8-K Training Guide - Novice Program - Week 4
Monday: Today's Monday workout of stretching and strengthening remains the same, but this week I will ask you run a total of 8 miles with a long run on the weekend of 3.5 miles. By the way, how is your stretching and strengthening program going? If you have any questions concerning what to do, visit the Stretch and Strengthen section of this Web site. Sometimes it's a good idea to remind yourself of what you know you're supposed to do.
Tuesday: For today's workout run 2.5 miles, the same as last week. You will hold at this Tuesday distance one more week before moving ahead to 3.0 miles. That's how a progressive training program works, progressively and gradually increasing the distance of each run. We're on track. Trust in me--and in yourself.
Wednesday: Today's cross-training workout is 35 minutes, the same as last week. How are you doing? For many people who lead "Normal Lives" and work during the week, the toughest thing about this type of training is finding time to do it. Thirty-five minutes? No sweat. In fact, you don't have to sweat during this workout. Given an hour for lunch, there's no reason why you simply can't head out the door of your office and walk for 35 minutes, then come back and grab a light lunch. Nobody said training has to be difficult. Be easy on yourself!
Thursday: Are you getting bored running the same old 2 miles every Thursday, since this is the day in the training program leading to the Shamrock Shuffle that never changes? Sorry, but that's the way the program works. I can't ask you to increase the difficulty of every workout during the week, otherwise I might be sued for malpractice. This program is designed to get you to the starting line healthy. So stick with me. If you want a break in your routine, consider selecting a different course for your Thursday 2-miler.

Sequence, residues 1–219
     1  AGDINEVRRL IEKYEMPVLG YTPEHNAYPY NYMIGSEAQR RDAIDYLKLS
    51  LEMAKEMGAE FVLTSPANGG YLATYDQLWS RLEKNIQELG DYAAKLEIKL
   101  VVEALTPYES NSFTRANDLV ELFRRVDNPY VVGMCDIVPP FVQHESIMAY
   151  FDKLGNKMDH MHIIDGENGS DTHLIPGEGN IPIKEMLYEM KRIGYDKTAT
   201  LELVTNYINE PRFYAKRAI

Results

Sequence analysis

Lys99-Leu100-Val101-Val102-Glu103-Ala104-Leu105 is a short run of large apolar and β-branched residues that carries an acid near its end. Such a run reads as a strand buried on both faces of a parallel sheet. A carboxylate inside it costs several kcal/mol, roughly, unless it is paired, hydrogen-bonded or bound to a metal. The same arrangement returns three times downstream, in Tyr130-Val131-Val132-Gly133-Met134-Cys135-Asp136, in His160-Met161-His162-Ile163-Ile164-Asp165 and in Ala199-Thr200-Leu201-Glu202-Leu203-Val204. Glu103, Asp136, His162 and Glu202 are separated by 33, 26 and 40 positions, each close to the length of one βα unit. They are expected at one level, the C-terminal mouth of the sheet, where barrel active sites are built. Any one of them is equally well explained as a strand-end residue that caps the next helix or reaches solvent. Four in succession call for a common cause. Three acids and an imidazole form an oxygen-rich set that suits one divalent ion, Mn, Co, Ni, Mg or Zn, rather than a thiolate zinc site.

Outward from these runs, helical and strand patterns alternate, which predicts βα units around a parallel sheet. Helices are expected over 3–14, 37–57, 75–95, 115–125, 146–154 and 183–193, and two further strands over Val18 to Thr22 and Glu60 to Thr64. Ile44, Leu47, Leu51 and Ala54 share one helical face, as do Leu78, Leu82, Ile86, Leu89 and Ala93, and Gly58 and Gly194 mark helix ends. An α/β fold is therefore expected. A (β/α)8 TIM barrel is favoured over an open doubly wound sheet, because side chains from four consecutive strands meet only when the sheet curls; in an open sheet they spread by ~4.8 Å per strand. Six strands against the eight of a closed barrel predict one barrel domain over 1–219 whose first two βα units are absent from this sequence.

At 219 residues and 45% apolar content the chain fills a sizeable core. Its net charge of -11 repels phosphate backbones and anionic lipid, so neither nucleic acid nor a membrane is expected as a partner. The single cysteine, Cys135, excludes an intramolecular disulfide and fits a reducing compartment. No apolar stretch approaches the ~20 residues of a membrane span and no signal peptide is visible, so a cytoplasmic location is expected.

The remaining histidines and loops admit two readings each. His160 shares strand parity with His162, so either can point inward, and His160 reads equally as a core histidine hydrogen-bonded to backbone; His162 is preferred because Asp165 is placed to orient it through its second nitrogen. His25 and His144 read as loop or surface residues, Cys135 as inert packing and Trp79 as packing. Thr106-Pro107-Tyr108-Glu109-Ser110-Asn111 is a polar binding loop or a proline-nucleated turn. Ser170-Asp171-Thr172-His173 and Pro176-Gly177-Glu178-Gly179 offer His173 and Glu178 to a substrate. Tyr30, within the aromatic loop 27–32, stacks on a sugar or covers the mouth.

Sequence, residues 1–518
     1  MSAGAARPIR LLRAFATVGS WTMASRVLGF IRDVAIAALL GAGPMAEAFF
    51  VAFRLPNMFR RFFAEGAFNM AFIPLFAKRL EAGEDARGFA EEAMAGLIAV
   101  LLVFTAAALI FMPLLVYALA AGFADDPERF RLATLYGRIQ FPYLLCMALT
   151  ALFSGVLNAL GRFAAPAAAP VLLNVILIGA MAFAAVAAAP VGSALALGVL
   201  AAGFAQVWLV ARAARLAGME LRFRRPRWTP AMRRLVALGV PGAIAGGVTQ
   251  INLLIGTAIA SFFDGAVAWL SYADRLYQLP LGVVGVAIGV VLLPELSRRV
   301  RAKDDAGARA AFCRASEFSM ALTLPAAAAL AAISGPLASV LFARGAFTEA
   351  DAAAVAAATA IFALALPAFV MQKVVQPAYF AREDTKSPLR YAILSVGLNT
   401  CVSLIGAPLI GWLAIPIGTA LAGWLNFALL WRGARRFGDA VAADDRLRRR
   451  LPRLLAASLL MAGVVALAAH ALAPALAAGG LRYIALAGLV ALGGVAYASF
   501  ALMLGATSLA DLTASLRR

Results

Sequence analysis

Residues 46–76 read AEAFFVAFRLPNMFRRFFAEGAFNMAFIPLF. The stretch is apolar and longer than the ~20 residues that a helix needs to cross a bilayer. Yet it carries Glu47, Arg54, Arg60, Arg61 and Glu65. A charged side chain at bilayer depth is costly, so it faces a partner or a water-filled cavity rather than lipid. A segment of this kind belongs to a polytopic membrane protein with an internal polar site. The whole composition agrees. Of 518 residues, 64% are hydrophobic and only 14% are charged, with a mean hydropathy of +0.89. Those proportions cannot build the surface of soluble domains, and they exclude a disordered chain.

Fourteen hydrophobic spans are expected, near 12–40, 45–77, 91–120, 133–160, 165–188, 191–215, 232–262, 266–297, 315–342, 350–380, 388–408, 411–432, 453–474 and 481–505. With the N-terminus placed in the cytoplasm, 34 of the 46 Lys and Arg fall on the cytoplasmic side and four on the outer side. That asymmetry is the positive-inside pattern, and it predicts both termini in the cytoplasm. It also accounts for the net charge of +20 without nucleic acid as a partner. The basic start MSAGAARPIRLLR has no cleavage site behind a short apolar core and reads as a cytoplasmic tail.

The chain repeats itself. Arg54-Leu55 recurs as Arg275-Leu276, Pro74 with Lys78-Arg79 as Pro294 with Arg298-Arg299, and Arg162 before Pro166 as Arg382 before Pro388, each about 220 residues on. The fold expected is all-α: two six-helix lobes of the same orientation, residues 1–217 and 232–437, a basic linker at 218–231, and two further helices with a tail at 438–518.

Friday: Today is a rest day. Did you hear what I said? Today is a rest day! Do I need to repeat myself? Today is a rest day! This weekend, I'm going to ask you to run further (3.5 miles) than you may ever have run before (or at least further than we have run so far in this program). You'll be better prepared for Sunday's long run if you are well-rested.
Saturday: Forty minutes of cross-training. Tomorrow offers a jump in mileage, so make this an easy workout. A 40-minute walk would be appropriate, and if you feel like interspersing some jogging steps, that's all right too. Incidentally, if Saturday is a better day for doing your long runs, don't hesitate to flip-flop workouts. Do the long run on Saturdays and the cross-training on Sundays.
Sunday: Three-point-five miles of running. Keep the pace conversational; that is, so that you can hold a conversation with a running companion. If you get out of breath and can't talk--particularly in the early miles--you're running too fast. This is your farthest workout so far and only a mile-and-a-half short of the distance you will run in the Shamrock Shuffle itself.
Run Fast: The term "PR" is part of the running jargon; it means "Personal Record." Few of us will ever set a world or national record, but anybody can establish a PR. Any time you've recorded a time over any distance (even odd distances in training), it becomes your PR. Every time you run that course or distance, you will have an opportunity to better that PR. Going after PRs can be fun; most important, it can be motivational.
How to Improve: Hal Higdon's best-selling Run Fast covers the type of training that will help you improve your performances at all distances, including the 8-K. To order an autographed copy of this and other books by Runner's World's best writer go to Books by Hal Higdon.